Bettye LaVette – Transcendental Blues
The pair of tracks that open I’ve Got My Own Hell To Raise, the transfixing new album by soul singer Bettye LaVette, vividly map the record’s prickly yet fecund emotional terrain. The first is an a cappella reading of Sinead O’Connor’s flinty assertion of self-reliance, “I Do Not Want What I Haven’t Got”. The second is a devastating reinterpretation of Lucinda Williams’ “Joy”, a borderline-metaphysical jeremiad about what it feels like to be robbed of your innermost self.
LaVette’s remake of “I Do Not Want” sounds nothing like the original. Distilling O’Connor’s prolix text to its essentials, she moans the remaining lines unhurriedly and with staggering self-possession, stretching out the vowels as if intoning a field holler. Bereft of accompaniment — and, presumably, of the comfort such company affords — LaVette sings in a craggy rasp of passing through a searing desert. The material and spiritual sustenance she takes with her, she assures us, is enough to fortify her, even though she doesn’t know where her solitary road might lead.
Fuzz-toned guitar barbs rend the parched silence that follows, igniting “Joy”, in which LaVette recounts a much less dignified sojourn than her trek through the desert. “Jo-o-oy,” she bawls to the juking cadence of the opening chorus, wrenching the word back and forth as if trying to get it to taste right in her mouth again. “Oh-oh, my jo-oy/I don’t like it no more,” she goes on, the notes convulsing in her throat. “They took my joy.”
The offending party here isn’t an individual like it is in Williams’ original. LaVette casts her nemesis as a more nebulous and aggregate force — some mix of the happenstance and indifference that has plagued her in city after city where she’s recorded over the years.
Detroit, New York, Memphis, Muscle Shoals: All have proven barren places for LaVette, each a “desert” where she made sublime music, including some two dozen singles for labels ranging from Atlantic to Motown, only to watch her hopes of reaching a wider audience wither. “They had no right to take my joy,” she roars each time the chorus rolls around. “I want it back.”
The emotional extremes that LaVette traverses in “Joy” and “I Do Not Want What I Haven’t Got” strike at the embattled yet resilient heart of her new CD — and, for that matter, at that of her more than 40-year career.
LaVette’s record, which came out on the Anti- label in late September, is an inadvertent concept album, or at least one that she arrived at intuitively. LaVette selected each of its ten songs from a pool of a hundred or so that people involved with the project, including producer Joe Henry, played for her. All were written or co-written by women. Each speaks in some way to what Billie Holiday, with as pregnant a claim about the intersection of self-determination and self-worth as any, was getting at with the line, “God bless the child who’s got [her] own.”
LaVette’s performances on the album inhabit Holiday’s assertion with knowing and womanly resolve. She transforms Dolly Parton’s cautionary “Little Sparrow”, a surreal, sisterly derivative of the Appalachian ballad “The Coo Coo Bird”, into a harrowing oracle from the Delta. She reimagines the proto-feminist woolgathering of Joy Of Cooking’s “Only Time Will Tell” as a funked-up monument to liberation. And she method-acts Aimee Mann’s snarling kiss-off “How Am I Different” as if the part had been written for her. “One more question before I pack,” she seethes over the record’s implacable backing track: “When you fuck it up later, do I get my money back?”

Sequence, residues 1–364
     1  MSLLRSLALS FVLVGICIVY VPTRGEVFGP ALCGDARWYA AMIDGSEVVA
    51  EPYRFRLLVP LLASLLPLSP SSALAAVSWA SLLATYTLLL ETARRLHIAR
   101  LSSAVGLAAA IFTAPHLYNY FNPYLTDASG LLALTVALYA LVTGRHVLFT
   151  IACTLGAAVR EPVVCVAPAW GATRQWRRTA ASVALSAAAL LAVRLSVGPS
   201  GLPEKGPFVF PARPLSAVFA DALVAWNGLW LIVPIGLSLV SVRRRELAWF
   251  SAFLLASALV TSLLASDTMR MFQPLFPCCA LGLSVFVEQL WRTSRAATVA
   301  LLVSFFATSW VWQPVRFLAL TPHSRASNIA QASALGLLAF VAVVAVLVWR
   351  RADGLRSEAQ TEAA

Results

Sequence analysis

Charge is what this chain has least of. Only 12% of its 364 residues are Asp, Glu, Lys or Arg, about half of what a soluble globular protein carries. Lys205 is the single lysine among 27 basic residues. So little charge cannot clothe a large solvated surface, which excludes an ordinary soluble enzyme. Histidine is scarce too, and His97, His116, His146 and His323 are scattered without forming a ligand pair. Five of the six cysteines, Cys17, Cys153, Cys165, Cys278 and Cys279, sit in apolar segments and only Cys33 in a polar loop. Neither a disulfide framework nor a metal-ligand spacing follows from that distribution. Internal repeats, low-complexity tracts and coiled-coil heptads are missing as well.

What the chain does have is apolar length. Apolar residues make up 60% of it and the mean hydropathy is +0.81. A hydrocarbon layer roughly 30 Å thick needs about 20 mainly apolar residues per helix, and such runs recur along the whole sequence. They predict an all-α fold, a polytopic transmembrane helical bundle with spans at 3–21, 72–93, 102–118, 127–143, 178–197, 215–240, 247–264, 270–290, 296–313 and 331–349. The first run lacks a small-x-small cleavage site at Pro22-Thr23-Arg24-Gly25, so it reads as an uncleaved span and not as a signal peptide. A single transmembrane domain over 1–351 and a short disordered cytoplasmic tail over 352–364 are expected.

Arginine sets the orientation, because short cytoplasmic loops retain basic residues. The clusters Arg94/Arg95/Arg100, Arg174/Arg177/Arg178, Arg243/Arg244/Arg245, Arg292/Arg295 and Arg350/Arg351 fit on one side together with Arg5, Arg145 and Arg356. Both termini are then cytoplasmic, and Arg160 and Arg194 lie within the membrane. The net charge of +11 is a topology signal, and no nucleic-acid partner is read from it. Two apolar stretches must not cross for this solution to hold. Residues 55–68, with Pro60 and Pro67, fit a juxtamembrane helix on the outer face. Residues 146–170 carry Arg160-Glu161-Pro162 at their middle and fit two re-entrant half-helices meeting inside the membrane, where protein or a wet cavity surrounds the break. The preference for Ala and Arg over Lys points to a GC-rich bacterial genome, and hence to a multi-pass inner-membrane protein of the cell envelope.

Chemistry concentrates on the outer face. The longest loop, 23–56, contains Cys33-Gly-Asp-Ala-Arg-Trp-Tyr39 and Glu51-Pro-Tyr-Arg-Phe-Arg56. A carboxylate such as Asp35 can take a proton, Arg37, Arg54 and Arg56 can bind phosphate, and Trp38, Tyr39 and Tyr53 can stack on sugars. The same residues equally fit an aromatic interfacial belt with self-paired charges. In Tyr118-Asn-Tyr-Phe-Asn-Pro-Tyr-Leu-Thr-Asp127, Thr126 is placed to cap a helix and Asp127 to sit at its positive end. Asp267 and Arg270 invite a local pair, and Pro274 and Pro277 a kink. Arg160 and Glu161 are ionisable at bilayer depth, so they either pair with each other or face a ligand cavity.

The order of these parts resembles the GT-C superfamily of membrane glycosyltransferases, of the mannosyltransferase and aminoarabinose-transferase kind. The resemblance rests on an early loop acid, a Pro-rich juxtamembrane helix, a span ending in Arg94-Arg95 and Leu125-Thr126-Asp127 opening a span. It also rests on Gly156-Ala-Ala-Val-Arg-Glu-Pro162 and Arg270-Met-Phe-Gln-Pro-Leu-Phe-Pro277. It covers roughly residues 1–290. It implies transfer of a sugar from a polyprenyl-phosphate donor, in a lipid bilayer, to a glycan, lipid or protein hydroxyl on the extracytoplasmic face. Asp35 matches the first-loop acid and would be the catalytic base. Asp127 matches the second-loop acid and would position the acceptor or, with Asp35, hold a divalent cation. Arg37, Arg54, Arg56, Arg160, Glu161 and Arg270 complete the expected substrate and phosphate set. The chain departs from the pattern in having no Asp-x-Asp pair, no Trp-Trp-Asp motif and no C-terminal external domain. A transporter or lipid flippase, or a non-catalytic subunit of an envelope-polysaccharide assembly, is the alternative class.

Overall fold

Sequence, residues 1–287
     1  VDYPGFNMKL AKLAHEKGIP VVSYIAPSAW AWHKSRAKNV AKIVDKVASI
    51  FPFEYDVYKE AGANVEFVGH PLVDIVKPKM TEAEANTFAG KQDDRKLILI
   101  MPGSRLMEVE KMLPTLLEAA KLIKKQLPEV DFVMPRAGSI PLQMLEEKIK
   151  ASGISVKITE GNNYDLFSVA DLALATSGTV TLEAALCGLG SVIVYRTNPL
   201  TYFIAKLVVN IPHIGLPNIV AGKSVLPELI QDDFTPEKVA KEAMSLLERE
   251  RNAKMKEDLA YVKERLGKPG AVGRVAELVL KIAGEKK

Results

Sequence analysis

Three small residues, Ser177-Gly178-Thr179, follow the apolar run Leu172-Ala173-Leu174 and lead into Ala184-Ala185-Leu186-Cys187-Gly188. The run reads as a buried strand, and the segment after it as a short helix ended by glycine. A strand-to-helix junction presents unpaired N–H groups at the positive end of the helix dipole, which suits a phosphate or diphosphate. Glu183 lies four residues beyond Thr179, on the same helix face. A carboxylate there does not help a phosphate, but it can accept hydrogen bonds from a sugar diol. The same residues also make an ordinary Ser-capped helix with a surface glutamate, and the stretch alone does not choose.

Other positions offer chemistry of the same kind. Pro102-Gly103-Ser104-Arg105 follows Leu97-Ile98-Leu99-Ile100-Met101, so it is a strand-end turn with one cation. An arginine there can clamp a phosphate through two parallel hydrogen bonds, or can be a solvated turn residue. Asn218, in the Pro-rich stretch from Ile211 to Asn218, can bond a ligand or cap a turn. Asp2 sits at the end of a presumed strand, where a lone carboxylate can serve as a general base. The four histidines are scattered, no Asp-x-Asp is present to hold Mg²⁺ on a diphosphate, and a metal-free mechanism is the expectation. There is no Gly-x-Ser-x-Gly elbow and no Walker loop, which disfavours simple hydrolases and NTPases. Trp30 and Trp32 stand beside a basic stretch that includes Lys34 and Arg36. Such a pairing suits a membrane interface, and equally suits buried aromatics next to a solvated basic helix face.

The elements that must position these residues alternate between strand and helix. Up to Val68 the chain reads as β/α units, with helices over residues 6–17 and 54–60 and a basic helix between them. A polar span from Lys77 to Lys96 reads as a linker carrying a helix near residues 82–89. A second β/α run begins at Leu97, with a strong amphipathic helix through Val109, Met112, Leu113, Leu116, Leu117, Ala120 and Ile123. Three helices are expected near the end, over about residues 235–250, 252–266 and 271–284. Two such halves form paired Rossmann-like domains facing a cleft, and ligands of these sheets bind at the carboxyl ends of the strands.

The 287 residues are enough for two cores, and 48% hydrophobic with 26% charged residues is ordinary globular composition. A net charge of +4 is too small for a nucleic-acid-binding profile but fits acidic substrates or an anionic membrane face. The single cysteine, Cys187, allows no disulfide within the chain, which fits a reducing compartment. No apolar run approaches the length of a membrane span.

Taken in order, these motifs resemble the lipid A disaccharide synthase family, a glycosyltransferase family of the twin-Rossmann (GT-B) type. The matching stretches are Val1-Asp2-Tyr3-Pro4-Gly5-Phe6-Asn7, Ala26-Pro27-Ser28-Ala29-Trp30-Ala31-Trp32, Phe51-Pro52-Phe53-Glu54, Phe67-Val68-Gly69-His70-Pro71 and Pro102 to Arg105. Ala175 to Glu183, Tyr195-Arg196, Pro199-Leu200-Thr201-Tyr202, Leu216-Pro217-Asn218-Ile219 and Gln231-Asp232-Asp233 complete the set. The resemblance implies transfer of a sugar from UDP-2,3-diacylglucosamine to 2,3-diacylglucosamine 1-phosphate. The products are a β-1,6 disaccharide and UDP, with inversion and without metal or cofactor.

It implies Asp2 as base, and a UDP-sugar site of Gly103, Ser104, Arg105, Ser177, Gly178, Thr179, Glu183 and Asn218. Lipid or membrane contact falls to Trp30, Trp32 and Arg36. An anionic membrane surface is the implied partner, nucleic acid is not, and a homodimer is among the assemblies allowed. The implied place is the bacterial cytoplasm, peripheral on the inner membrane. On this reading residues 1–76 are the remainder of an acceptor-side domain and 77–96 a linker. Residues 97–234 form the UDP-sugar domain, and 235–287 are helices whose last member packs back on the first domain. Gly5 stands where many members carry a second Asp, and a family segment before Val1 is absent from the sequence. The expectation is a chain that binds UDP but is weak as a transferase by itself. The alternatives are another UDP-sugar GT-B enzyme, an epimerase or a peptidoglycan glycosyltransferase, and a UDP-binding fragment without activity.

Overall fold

LaVette seldom writes the songs she sings, but as her bracing performances on I’ve Got My Own Hell attest, she is no mere cover artist. The lines from “How Am I Different” cited above just as easily could apply to record companies LaVette has dealt with as to Mann’s faithless lover. So intensely does LaVette personalize the material on the album, in fact, that even those familiar with its ten songs doubtless will feel compelled to consult its liner notes to confirm a couple of the writing credits.
Indeed, neither LaVette’s swampy take on “Little Sparrow” nor her sobbing redemption of Bobbie Cryner’s “Just Say So” registered with one of this magazine’s longtime contributors when I played the album for him this summer. The writer in question was well acquainted in each case with the original.
LaVette, in other words, has plenty of her own to say, even when she’s using someone else’s words to say it. “You can’t stifle my dreams, my body, my mind, this voice,” she avers, by way of Fiona Apple, on the album’s imperious closing track, biting down on the final two words before delivering the payoff: “I’ve got my own hell to raise.”
It’s not surprising LaVette would gravitate toward material that untangles the knot of autonomy and self-esteem plumbed so evocatively in “God Bless The Child”. She’s spent more than four decades making riveting music, both on record and onstage, yet until the release of 2003’s exquisite soul-blues testament, A Woman Like Me, she languished in considerable obscurity. As if to underscore this persistent marginalization, LaVette has long been a darling of aficionados of northern soul, a de facto subgenre of ’60s soul music consisting largely of titles that flopped in the U.S. but later become the toast of the clubs in northern England. (Geno Washington, Jimmy James & the Vagabonds, and Candy & the Kisses are among the other artists, some obscure, others better known, who became northern soul favorites.)
A Woman Like Me earned LaVette a W.C. Handy Award for Best Blues Comeback Album in 2004. Yet even it — just her second official studio album in a four-decade career that included tours with Clyde McPhatter and James Brown and a run on Broadway with Cab Calloway — didn’t exactly afford her mainstream cultural exposure.